Not everything is rosy in the freeware community. Sometimes it engages in the silly little political games that remind one of university political groups.
In my days at Toronto’s York University, I recall the tables set out every lunch time by groups protesting all sorts of things, but the only thing they fought more than the status quo was each other. The socialists hated the Maoists, who despised the Marxists, who wouldn’t be caught dead in the same room as the communists — you get the idea.
A milder form of this is unfortunately surfacing across the free software world:
GNU founder Richard Stallman attacks publisher Tim O’Reilly, claiming that O’Reilly’s successful Nutshell books have hurt the cause of free software. Stallman complains that because the books are so good, fewer people are volunteering to write free documentation. “If you can’t write a free manual, then please write no manual,” is the message.
O’Reilly then snubs Stallman, not inviting him to talk at the first Free Software Summit.
Referring to Stallman as “That crazy guy from Boston” in a Salon magazine interview, self-proclaimed Linux spokesmodel Eric Raymond declares GNU’s ideology a “handicap” to Linux acceptance (www.salonmagazine.com/21st/feature/1998/04/cov_14feature2.html).
Demanding his appropriate credit, Stallman insists there is no such thing as a Linux system — only “Linux-based GNU systems.” He even advocates changing the name of Linux to Lignux. Linus Torvalds and most Linux advocates are not amused, though one Linux packager meets him halfway and calls its product Debian GNU/Linux (http://www.debian.org).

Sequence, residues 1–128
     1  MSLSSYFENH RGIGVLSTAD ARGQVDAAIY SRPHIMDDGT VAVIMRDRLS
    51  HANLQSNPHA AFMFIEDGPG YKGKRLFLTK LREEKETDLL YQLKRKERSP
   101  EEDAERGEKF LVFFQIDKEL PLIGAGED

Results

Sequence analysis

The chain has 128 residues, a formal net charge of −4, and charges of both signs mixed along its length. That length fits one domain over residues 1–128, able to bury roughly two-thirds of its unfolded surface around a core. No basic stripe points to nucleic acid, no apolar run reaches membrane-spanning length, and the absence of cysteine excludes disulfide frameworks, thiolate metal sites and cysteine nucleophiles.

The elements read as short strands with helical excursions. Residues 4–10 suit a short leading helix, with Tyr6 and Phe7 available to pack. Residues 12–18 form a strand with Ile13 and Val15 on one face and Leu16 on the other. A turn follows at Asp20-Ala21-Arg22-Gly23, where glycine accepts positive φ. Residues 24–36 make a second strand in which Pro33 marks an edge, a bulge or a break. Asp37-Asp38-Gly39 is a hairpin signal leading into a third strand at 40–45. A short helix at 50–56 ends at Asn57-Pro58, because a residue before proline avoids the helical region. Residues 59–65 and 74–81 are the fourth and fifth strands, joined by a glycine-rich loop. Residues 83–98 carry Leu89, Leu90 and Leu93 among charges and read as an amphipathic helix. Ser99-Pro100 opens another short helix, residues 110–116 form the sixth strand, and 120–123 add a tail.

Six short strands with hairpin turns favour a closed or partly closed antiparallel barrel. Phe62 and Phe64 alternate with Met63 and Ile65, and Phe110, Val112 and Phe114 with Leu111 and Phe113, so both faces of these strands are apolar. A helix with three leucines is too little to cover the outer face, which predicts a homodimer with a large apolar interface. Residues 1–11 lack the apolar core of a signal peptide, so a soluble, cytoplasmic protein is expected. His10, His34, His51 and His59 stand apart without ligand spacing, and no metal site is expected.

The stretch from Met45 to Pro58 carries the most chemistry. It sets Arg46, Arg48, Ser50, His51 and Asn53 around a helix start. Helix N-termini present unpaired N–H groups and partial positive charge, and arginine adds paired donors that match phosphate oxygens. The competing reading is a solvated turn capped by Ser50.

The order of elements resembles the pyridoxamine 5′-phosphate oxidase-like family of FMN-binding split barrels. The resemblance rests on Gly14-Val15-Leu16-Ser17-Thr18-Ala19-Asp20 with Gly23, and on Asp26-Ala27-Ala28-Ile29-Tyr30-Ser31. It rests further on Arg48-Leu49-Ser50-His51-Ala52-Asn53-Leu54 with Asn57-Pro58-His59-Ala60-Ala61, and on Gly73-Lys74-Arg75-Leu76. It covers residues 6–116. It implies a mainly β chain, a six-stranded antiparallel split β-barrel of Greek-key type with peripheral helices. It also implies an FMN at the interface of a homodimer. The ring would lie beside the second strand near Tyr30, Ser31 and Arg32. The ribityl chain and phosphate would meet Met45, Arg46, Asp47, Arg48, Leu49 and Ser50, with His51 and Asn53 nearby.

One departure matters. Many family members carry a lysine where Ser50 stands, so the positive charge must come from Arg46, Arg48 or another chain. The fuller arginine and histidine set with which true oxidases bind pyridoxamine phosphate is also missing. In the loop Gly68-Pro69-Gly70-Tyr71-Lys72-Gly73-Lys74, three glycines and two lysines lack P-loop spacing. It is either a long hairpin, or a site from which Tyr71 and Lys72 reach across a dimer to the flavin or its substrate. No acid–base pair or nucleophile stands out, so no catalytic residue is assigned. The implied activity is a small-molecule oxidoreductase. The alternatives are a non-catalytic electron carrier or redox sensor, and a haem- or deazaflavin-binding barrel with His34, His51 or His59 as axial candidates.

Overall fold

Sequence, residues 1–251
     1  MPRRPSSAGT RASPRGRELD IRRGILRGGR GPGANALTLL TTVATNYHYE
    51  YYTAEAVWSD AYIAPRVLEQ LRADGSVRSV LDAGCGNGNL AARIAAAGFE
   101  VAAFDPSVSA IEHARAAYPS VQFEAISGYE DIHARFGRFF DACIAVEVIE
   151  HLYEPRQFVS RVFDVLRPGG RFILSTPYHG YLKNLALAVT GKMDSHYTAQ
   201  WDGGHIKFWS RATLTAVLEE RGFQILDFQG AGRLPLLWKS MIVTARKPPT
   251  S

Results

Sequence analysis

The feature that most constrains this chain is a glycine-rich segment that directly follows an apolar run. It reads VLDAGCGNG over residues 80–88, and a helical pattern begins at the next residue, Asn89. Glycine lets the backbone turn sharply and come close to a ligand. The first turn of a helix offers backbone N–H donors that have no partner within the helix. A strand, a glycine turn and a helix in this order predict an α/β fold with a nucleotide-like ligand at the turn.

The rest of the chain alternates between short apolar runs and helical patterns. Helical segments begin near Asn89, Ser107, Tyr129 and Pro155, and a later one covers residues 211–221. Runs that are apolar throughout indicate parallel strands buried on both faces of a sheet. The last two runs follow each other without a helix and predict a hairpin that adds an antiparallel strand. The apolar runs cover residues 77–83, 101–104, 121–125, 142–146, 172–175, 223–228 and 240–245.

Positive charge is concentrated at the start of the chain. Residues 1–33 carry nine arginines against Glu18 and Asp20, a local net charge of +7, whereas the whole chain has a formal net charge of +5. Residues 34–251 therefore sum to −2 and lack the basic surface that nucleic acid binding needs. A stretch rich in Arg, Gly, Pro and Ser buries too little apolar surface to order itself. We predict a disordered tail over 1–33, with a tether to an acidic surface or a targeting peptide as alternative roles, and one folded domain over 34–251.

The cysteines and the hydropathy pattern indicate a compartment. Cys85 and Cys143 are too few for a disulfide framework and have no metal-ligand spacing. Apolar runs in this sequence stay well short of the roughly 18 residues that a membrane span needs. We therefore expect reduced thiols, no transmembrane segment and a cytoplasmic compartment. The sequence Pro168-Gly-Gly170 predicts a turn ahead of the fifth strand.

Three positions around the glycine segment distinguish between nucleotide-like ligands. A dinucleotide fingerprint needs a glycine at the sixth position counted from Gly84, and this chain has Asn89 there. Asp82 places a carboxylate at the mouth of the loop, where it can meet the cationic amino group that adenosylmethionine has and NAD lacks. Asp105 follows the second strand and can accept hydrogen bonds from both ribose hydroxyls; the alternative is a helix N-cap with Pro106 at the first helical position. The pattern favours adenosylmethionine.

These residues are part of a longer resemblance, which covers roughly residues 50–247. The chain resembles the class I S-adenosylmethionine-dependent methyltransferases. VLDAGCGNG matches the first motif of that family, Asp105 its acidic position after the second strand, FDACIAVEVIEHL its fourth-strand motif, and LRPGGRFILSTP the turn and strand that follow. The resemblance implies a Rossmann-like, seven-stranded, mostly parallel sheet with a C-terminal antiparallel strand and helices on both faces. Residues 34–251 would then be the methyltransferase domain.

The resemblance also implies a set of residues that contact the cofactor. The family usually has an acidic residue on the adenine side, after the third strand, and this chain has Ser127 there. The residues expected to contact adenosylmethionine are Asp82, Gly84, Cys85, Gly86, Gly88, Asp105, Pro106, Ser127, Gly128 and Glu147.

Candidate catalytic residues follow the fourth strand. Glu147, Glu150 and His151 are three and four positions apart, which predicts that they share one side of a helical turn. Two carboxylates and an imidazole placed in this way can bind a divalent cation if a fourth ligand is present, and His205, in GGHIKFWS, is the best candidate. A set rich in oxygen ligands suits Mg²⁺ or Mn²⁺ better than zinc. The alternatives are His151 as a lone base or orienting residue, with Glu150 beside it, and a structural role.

Demanding to be heard, the developers of BSD start complaining they’ve been unfairly ignored as Linux becomes the media darling. FreeBSD founder Jordan Hubbard finds a friendly soapbox at Performance Computing magazine, which publishes an opinion piece (www.performancecomputing.com/features/9810of1.shtml) and a cartoon showing the Linux penguin impaled on the trident of the BSD’s mascot devil.
Raymond coins the term “open source” which is quickly copyrighted by Software in the Public Interest (SPI). Soon after, an SPI’s co-founder, Bruce Perens, quits and forms the Open Source Initiative together with Raymond, and claims the trademark goes with him. SPI protests, and asks for public input (www.spi-inc.org/news/1998/19981124).
And you thought the only good soap operas left were in the world of pro wrestling.
An examination of these public spats offers glimpses into Linux’s accelerated growing pains. First of all, they’re out in the open. The very openness of the process that beget Linux, GNU and BSD causes differences of opinion — that would be kept quiet in most software corporations — to be aired in public.
This is both a blessing and a curse. While it can certainly provide an interesting spectacle, it offers a level of public input and accountability that exists nowhere else in the computer world.
Still, this would matter little if there wasn’t so much friction. Linux is mushrooming in popularity (one IDC survey put its server market share growth at more than 200 per cent last year), and a small cadre of would-be celebrities has sprung up, clearly led by Raymond who has created what some are calling a “Halloween document industry”. There is some merit to the charge — Raymond’s latest product is called “Halloween 4” even though it was released just weeks ago (www.opensource.org/halloween4.html).
Drawing an analogy between the Linux crowd and Robin Hood’s men, his piece offers humour that only Microsoft-hating propellerheads could love. It offers a form of Linux hero worship (Linus Torvalds is Robin, naturally) with prominent participation from “Friar Eric” written in.
To be sure, the Linux world has produced other spokespeople; one could argue that even this column serves such a purpose. But when the ego behind such promotion takes itself too seriously, there is inevitably conflict. The wrangling over the ownership of the term “open source” is clearly such a legacy of inflated heads — even once the ownership is resolved, what is it worth? What would it cost to enforce?
Furthermore, why are people even trademarking terms that are designed to become part of the common lingo? One would hope this pettiness would just fade away — and it likely will.
Leibovitch (email@example.com) is a partner in Starnix Ltd., a VAR and consulting firm specializing in Linux and Unix in Brampton, Ont. He is also a director of the Canadian Linux Users’ Exchange.